We've been planning to release a tape with Kansas popster Nate Henricks for almost two years now, following his label debut on Patient Sounds, 'Close Encounters with Green Magic' (released on 4/20, God bless), composed of two ten minute suites that collage Elephant Six/Olivia Tremor Control style surrealism with contemporary pop influences. As a solo recorder, the competing strains of Henricks' audio fetishes co-exist much more seamlessly than his antecedents; for example, hearing a digital era flourish bubble out from the tail end of looped bricollage is only surprising the first time it happens. 'Neon For No One' is similarly distilled, artfully so, with its runtime having been trimmed frequently during the production process, resulting slowly in a more and more dense, evocative outing. At times loops and the bright tones of his instrumentation approach the focused, hyper-awareness of ragas, but that belies how effective these recordings are as a vessel for his influences, offering subtle inflections from popular traditions that range from the commonplace to the esoteric, or even Utopian. Not always as contemplative or joyful, that register still gives fuel to the symbolic language in Henricks' lyrics when the juxtaposition of instruments and voice achieve their closest symbiosis.
Featured on Bandcamp Hunter's 'Best of 2014' List...
"Kansas based musical mischief maker has a prolific output and 'Neon For No One' might just be his finest work yet. Released on the great Crash Symbols, it’s an album that positively bubbles with imagination from beginning to end. Opener “Foxtrot Waltz” is almost an album in itself - veering from uplifting indie rock to inverted strings to an arcade theme music wigout before contorting back into an entirely different song, it’s a magical sonic pastiche. Like Chad Van Gaalen, Henricks is an artist who takes the modern pop song into wild and unhinged places, subverting your expectations at every turn. It’s a true joy to behold." -Bandcamp Hunter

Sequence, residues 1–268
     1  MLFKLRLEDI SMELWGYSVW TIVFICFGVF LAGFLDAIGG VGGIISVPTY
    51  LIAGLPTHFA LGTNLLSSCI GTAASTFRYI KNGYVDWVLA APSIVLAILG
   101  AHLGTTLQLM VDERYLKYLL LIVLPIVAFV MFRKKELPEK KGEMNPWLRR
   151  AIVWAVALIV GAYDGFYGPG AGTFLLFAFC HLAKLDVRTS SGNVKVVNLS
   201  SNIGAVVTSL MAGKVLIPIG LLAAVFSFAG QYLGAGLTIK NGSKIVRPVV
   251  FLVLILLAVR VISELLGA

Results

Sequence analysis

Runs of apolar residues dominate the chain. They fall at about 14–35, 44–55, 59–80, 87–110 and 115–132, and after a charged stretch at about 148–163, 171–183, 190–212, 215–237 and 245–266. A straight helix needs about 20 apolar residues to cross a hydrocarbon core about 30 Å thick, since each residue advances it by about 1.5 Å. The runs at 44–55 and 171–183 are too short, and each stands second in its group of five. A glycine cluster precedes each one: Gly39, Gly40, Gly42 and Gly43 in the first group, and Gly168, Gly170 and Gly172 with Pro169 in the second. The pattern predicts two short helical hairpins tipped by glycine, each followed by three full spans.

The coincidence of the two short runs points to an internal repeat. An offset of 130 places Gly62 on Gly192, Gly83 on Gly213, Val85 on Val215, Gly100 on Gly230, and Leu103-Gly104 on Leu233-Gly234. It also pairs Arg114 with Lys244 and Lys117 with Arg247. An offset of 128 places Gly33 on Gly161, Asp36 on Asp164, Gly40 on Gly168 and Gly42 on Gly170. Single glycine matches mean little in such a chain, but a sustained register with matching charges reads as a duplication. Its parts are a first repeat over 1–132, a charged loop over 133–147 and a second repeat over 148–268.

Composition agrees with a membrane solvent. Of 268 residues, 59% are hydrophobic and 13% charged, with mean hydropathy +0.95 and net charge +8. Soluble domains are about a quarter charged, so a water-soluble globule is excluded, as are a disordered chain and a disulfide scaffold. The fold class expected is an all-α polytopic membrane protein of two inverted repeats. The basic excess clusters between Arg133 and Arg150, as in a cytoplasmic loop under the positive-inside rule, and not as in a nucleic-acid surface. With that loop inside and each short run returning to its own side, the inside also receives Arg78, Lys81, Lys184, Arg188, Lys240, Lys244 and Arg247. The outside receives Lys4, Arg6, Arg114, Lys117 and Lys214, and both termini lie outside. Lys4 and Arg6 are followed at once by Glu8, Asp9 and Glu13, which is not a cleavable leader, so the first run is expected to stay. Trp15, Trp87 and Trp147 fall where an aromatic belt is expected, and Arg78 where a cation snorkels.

"While he's kept his tracks relatively lean in the past, occasionally Henricks demonstrates the full force of his versatility with impossibly stacked collages . . . Smatterings of Wilco and Sufjan Stevens are the threads [through the] noise, whether it's a collection of sleigh bells urging you to 'Just keep on walking,' dappled tropics, or Beach Boy harmonies amid a Kinks jam session. Occasionally a movement will flicker into another like a poorly television with glitchy Nintendo noises or melting voices. This helps it feel more like an experimental mix than a song, made by turntables in Henricks' brain as they excitedly play back all the sounds it loves." -Chart Attack
"...a fuzzy, catchy ramble through a country-side of deconstructed power-pop, tight tunes that erupt into inscrutable noise just when you thought you had a hook to hang on to" -The Modern Folk
"Off-key, off-kilter weirdness strung together with bits of sound collage, and then delicate strings and lush horn arrangements (though paradoxically pushed way to the back), vocals that break through from time to time either drenched in reverb or in a full chorus; all of these ideas and more just start developing out of nothing as a sort of continuously engaging and shape-shifting event." -Quartertonality